Extreme Flight 74″ Laser – Build nearly complete

The Extrem Flight Laser has been in the shop now for about a month and I’m finally getting close to flying status!  My final items to complete are to get the speed controller and receiver installed, do the radio setup and then go back through and do final checks on bolt tightening, gluing any joints that need it and seal all the hinge gaps.

Overall, the instructions and included hardware seem to be good quality and short of flying it, I am pretty happy with it so far.  I’m going to get a bit nit picky over the next couple of paragraphs in hopes that this will help anyone else who is working on putting together.  There are a few shortcomings in the instructions worth noting and a couple tips I can pass on as far as what to do (or not) that may prove useful.   So here is my summary of the good, the bad and the ugly of building this ARF.

First off, when installing the control horns you need to remove some covering in order to get a good glue bond.  The instructions for this are pretty good but I would recommend a couple of ways to make this easier.  First, when drawing around the control horn base in order to know where to cut, I suggest a white board marker.  They are easier to wipe off with just some alcohol or window cleaner.  Also when removing the covering I remove only to just inside the line so that the base plate actually slightly covers the edge of the material.  This helps ensure that the material will never peal up around the horn and the result looks very professional.  Secondly, not only here but pretty much anywhere you need to remove covering… I highly recommend use of a soldering iron.  With minimal practice you can move at a rate that doesn’t char the wood underneath but just melts the covering.  It also seals down the edge as you go.  I find this method far superior to use of a razor blade or Xacto knife.  Extreme Flight’s manual mentions this option in one place but then often says to use a blade in many others.  I’d stick with the Soldering iron in pretty much all cases.

While on the subject of control horns, for some reason I got two sets of of rudder horns with no explanation as to why or what I might want them for… still don’t know.  In any case, I would install these dry and mark them once you measure for proper centering.  The “barb” on one side that I thought would end up against one side of the rudder to aid in alignment… does not seem to be any such thing and I don’t know why it is even there…  Just be cautious that you get the centering correct here.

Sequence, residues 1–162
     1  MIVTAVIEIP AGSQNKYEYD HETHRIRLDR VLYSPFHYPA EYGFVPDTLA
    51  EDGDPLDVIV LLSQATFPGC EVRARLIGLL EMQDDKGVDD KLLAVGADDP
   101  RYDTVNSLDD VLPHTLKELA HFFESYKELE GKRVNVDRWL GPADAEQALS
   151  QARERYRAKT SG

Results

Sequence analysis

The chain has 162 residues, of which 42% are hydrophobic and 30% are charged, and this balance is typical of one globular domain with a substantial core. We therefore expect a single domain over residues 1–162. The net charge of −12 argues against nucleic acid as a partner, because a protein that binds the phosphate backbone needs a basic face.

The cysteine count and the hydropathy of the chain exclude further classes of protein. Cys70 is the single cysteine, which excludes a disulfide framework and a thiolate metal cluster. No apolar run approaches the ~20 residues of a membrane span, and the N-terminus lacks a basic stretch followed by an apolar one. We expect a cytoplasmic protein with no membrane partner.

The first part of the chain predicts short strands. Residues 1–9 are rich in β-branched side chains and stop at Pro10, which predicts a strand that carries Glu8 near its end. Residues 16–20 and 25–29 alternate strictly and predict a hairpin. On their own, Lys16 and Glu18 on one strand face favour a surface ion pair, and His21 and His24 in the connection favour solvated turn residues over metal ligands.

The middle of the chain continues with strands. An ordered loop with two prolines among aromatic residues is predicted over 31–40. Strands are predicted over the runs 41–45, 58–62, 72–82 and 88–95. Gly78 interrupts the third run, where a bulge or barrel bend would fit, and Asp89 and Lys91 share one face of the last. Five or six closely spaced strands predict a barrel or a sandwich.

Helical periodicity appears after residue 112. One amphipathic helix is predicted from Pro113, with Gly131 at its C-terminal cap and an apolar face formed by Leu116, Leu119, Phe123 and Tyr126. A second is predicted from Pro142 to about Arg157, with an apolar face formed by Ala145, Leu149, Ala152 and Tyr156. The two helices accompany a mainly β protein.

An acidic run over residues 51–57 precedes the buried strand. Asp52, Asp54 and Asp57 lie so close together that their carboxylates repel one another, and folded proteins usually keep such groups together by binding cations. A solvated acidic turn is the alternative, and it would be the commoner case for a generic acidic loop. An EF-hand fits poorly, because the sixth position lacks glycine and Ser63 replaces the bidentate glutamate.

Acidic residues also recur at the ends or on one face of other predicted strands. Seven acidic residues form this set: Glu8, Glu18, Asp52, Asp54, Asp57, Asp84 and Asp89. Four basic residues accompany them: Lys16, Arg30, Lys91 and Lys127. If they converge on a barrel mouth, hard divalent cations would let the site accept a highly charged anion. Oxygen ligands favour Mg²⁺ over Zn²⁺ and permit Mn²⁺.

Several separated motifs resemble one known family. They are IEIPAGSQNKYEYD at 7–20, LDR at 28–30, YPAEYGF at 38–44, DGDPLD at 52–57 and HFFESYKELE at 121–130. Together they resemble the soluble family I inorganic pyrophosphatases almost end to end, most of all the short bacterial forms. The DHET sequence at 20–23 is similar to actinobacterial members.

One preference/ nitpick of mine is the tail gear mounting method.  I’m used to having blind nuts embedded but this gear mounts only with wood screws.  I would love to have the blind nuts as I think they result in a stronger mount.  Hopefully this mounting method will be strong enough.

The next note I made while building was regarding the rudder pull-pull mechanism.  First, if you have never put one of these together before you should go find a step by step instruction set that will walk you through everything you need to know ’cause what is in the manual for the Laser is not that!  If you’ve done a couple you probably will have no issue with this one.  One odd note is that they specify to crimp the aluminum tube with side cutters???  If your side cutters are worth a darn and you squeeze firmly you will end up cutting that tube and probably the cables themselves clean through.  A standard pair of pliers works quite well, thank you.  Don’t use side cutters!

Next, I noted that the instructions for installing the wheel pants had a couple of shortcomings.  First, when they have you drill a hole, they do not tell you what size hole… you can figure it out of course but it would be nice if they just told you… sorry I didn’t write it down or I would have provided that here (silly me).  Also when they have you install the blind nuts it required an excessive amount of force to get the little sharp prongs to push into the wood because the back of the wood inside the wheel pant has a fairly heavy coating of fiberglass/resin which necessitated a pair of channel locks to get the prongs to penetrate!  I felt like I was risking a good amount of damage when I did this but that is what it took to get them to embed flat…  and you need it to lay flat to keep it from rubbing against the rim/tire.

One error I ran into as I mounted the motor is the stated distance from the front face of the motor box to drive washer should be 6-3/8″… My ruler says it is actually 5-3/8″!  If you extend it to 6-3/8″ the cowl will not go back far enough to mount.  Luckily, I checked before I got things mounted.

OK, that’s about it.  Everything else seemed straight forward to me and I appreciated the packaging of the parts (individual bags with labels for each set of pieces).

I’m looking forward to getting started flying soon and the real test will be flying characteristics and how well she holds up over time.  Looking forward to messing with setups, props, batteries and telemetry to see what works best.

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